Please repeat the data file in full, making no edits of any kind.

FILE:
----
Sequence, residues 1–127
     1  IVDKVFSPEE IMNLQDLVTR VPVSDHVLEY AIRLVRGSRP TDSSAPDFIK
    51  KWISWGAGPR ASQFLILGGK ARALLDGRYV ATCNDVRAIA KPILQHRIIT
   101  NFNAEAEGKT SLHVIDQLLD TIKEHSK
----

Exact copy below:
Sequence, residues 1–127
     1  IVDKVFSPEE IMNLQDLVTR VPVSDHVLEY AIRLVRGSRP TDSSAPDFIK
    51  KWISWGAGPR ASQFLILGGK ARALLDGRYV ATCNDVRAIA KPILQHRIIT
   101  NFNAEAEGKT SLHVIDQLLD TIKEHSK